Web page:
Putting your faith in trusts14.05.2014
As families become more fragmented with the ever-increasing number of divorces and remarriages, deciding how best to bequeath your estate can become a tricky affair. Many people who remarry for a second or more time may be concerned that in time their estate will benefit their spouse or step-children more than their own children. Or in a situation similar to that faced by Peggy Woolley on BBC Radio 4’s ‘The Archers’, there may be a feeling that whilst some children are financially stable, others may make poor financial decisions. Consequently it is the younger generation that would profit more from receiving the inheritance rather than their parents.
When writing a Will, trying to bypass a spouse or choosing to skip a generation can be very problematic. Undoubtedly everyone has the right to choose who will inherit his or her estate. Will disputes are however increasing, which can be very distressing for all involved as well as costly, so it is better to get the planning right.
Firstly if you remarry you need to take into account that the act of marriage cancels out any previous Will, so you will therefore need to write a new Will.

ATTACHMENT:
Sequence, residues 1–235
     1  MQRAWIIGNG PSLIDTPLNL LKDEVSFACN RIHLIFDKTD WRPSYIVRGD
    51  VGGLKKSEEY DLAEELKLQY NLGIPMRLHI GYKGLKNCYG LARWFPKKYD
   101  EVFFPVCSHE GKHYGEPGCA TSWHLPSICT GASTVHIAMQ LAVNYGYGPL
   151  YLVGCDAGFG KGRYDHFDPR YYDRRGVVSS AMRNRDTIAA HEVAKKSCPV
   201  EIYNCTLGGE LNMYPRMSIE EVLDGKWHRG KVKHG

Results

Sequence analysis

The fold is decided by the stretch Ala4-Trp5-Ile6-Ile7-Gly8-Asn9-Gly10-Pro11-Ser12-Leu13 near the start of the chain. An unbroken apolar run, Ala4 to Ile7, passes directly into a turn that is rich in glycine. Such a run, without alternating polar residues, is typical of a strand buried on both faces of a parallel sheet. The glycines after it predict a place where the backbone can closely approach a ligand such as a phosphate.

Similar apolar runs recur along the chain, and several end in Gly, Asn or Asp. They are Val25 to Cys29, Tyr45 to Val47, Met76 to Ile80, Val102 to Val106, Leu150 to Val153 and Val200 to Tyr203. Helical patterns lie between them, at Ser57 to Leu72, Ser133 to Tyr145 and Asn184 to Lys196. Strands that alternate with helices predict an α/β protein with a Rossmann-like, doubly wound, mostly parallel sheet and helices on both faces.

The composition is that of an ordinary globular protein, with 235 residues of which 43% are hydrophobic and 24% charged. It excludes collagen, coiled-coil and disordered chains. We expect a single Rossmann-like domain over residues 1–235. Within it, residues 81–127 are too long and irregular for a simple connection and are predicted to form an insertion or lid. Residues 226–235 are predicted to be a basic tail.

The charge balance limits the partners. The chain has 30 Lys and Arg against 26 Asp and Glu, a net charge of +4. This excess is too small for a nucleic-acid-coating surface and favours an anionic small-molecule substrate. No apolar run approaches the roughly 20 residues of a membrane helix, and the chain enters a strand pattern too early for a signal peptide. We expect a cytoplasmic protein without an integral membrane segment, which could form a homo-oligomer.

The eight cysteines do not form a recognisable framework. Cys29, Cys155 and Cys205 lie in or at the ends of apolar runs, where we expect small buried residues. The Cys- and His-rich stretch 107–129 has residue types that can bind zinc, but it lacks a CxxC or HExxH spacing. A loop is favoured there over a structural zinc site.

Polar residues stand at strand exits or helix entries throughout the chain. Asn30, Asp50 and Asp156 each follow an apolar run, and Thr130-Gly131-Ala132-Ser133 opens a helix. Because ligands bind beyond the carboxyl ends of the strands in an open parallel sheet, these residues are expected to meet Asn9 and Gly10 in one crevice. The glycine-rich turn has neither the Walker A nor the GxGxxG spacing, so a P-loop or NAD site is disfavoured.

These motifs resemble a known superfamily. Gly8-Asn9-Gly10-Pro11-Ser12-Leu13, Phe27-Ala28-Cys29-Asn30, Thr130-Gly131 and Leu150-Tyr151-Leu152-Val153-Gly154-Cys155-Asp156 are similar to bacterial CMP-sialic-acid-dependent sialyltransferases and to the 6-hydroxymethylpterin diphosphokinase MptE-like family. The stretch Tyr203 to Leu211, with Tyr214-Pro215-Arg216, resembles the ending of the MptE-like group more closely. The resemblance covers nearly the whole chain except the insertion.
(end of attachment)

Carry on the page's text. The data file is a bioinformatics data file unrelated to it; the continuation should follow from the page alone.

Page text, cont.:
Sitting down with your family and discussing who will become the beneficiaries will remove the element of surprise, but it will not necessarily prevent the Will from being challenged.
You may wish to consider setting up a trust. The settlor can be very specific by putting a series of rules in place about who has access to the funds and when.
For instance, those like Peggy Woolley who consider their children to be financially comfortable or who are worried about a child’s financial abilities can set up a trust to only pay out if the beneficiary is in financial need – for instance if they are suddenly made redundant. If the money is not required, it can then pass to different beneficiaries, such as grandchildren.
For more information contact Alex Astley